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Hoonah–Angoon Census Area, Alaska

Hoonah–Angoon Census Area is a census area located in the U. S. state of Alaska. As of the 2010 census, the population was 2,150, it therefore has no borough seat. Its largest community is the city of Hoonah; the census area was larger in the 1990 census, at which time it was the Skagway–Yakutat–Angoon Census Area. After Yakutat was incorporated as a consolidated-city borough on September 22, 1992, it was renamed Skagway–Hoonah–Angoon Census Area. According to the U. S. Census Bureau, the census area has a total area of 10,914 square miles, of which 7,525 square miles is land and 3,389 square miles is water. A map showing its current boundaries is shown here: Yakutat City and Borough, Alaska – northwest Haines Borough, Alaska – northeast Juneau City and Borough, Alaska – northeast Petersburg Borough, Alaska – southeast Sitka City and Borough, Alaska – southwest Stikine Region, British Columbia – northwest, east Kitimat-Stikine Regional District, British Columbia – southeast Glacier Bay National Park Glacier Bay Wilderness Tongass National Forest Admiralty Island National Monument Kootznoowoo Wilderness Chuck River Wilderness Pleasant/Lemesurier/Inian Islands Wilderness Tracy Arm-Fords Terror Wilderness West Chichagof-Yakobi Wilderness Note: Demographic data below is for the former "Skagway–Hoonah–Angoon" Census Area, which still includes Skagway Borough.

As of the census of 2000, there were 3,436 people, 1,369 households, 866 families residing in the census area. The population density was 0.30 people per square mile. There are 2,108 housing units; the racial makeup of the census area was 58.15% White, 0.15% Black or African American, 35.01% Native American, 0.38% Asian, 0.15% Pacific Islander, 0.96% from other races, 5.21% from two or more races. 2.82 % of the population were Latino of any race. 3.95 % reported speaking Tlingit at home. There were 1,369 households out of which 30.80% had children under the age of 18 living with them, 49.30% were married couples living together, 8.40% had a female householder with no husband present, 36.70% were non-families. 30.10% of all households were made up of individuals and 5.60% had someone living alone, 65 years of age or older. The average household size was 2.50 and the average family size was 3.14. In the census area, the population was spread out with 26.80% under the age of 18, 7.10% from 18 to 24, 29.50% from 25 to 44, 29.30% from 45 to 64, 7.30% who were 65 years of age or older.

The median age was 38 years. For every 100 females, there were 116.40 males. For every 100 females age 18 and over, there were 120.70 males. Angoon Gustavus Hoonah Pelican Tenakee Springs Elfin Cove Game Creek Klukwan Whitestone Logging Camp Cube Cove List of airports in the Hoonah-Angoon Census Area Skagway-Hoonah-Angoon Census Area map, 2000 census: Alaska Department of Labor Hoonah-Angoon Census Area map, 2010 census: Alaska Department of Labor Hoonah-Angoon Census Area map, January 2014: Alaska Department of Labor Alaska ShoreZone Coastal Mapping and Imagery

Tristar Gym

The Tristar Gym is a mixed martial arts training centre located in Le Triangle Borough in Montreal, Canada. Instructors at the gym include Conrad Pla and Georges St-Pierre. Tristar Gym is one of the top professional MMA training camps; the gym was established in 1991 by Michel Lavallée and Ron Di Cecco. The three owners was the basis for the name of the gym. Alexandre Choko joined the gym as a trainer in 1992 and bought the gym in 2001. In 2008 he sold the gym to Firas Zahabi. Zahabi had become Georges St-Pierre’s main coach after GSP’s loss to Matt Serra. In addition to being the current owner Zahabi is the head coach at the gym. Georges St-Pierre - Former UFC Middleweight Champion, Former UFC Welterweight Champion, 9 title defenses Rory MacDonald - Former Bellator Welterweight champion, Former UFC #2 Welterweight Contender, Former UFC Welterweight Title Challenger Kenny Florian - Former UFC 2-Time Lightweight and Featherweight Title Challenger Kevin Lee - Former UFC Interim Lightweight Title Challenger Johnny Walker - Current UFC Light Heavyweight Miguel Torres - Former WEC Bantamweight Champion, 3 title defenses Hatsu Hioki David Loiseau - Former UFC Middleweight Title Contender Denis Kang - 2006 Pride Welterweight Grand Prix Runner-Up Robert Whittaker - Former UFC Middleweight Champion Tom Watson Andy Main Nick Denis John Makdessi - Current UFC Lightweight Ivan Menjivar Yves Jabouin Mark Boček Francis Carmont - Current Bellator Light Heavyweight Rick Hawn Anthony Smith Mike Ricci Ryan Ford Alex Garcia - Current UFC Welterweight Olivier Aubin-Mercier - Former UFC Lightweight Joseph Duffy - Current UFC Lightweight Kajan Johnson Randa Markos - Current UFC W's Strawweight Sage Northcutt - Current ONE Welterweight Tom Breese Nordine Taleb - Current UFC Welterweight Chad Laprise Joanne Calderwood - Current UFC W's Flyweight Stevie Ray - Current UFC Lightweight Arnold Allen - Current UFC Featherweight Mickey Gall - Current UFC Welterweight Aiemann Zahabi - Current UFC Bantamweight Vitor Belfort - Former UFC Light Heavyweight Champion Jonathan Meunier - Former UFC Welterweight Myles Jury - Former UFC Featherweight Elias Theodorou - Former UFC Middleweight Mirsad Bektic- Current UFC Featherweight Ryan Hall - Current UFC Featherweight List of Top Professional MMA Training Camps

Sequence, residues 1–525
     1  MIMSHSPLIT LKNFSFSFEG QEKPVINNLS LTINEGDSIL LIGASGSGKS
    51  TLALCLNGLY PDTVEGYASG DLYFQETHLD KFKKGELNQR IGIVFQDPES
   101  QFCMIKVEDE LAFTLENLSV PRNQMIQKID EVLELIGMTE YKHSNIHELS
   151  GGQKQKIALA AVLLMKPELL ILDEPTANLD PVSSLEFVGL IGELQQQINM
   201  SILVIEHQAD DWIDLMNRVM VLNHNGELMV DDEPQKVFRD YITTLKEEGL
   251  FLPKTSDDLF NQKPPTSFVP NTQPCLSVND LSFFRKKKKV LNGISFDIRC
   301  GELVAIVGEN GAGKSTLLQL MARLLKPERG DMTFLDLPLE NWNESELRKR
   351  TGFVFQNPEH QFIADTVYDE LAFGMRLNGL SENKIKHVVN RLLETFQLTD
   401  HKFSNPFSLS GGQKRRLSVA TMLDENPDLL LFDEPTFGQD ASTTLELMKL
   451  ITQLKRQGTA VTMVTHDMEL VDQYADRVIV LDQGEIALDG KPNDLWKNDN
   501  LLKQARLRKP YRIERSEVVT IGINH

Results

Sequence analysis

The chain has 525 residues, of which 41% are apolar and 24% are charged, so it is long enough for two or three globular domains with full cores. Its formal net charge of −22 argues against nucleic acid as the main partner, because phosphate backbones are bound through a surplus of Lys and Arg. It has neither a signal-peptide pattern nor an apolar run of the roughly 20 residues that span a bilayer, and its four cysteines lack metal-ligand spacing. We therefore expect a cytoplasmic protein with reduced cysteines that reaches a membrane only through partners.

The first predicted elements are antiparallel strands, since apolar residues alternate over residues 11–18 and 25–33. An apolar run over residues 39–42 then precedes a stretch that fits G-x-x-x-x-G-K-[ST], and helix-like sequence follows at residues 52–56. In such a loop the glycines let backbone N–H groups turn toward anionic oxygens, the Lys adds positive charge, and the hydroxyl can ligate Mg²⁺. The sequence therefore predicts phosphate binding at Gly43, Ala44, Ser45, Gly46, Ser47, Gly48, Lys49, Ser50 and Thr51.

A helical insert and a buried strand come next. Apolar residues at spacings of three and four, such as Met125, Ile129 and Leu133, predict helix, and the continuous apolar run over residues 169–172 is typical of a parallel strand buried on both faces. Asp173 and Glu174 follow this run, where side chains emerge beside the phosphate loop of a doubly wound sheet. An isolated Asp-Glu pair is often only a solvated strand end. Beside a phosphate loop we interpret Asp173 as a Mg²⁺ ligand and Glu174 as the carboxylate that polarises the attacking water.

North Kansas City High School

North Kansas City High School known as "NKCHS," "NKC," and "Northtown," is a high school in North Kansas City, Missouri with 1900+ students, ranging from freshmen to seniors. It is a part of the North Kansas City School District; the first graduating class found of record was in 1917 with three known graduates. The school began as an all-white school, due to the inhabitants of the community, is now one of the most diverse and integrated schools in the nation. Since July 2001, Northtown has been an International Baccalaureate World School with Dr. Jane Reed as the program coordinator. Throughout the school's history, several buildings have been torn down. Standing are the three-story Main building featuring the original theatre and Norclay. Other buildings in use on the campus are the "Academy" and the North Kansas City Public Library and Media Center. Northtown is being expanded and renovated. Northtown prides itself on its unique opportunity as one of the only local schools to have an open campus.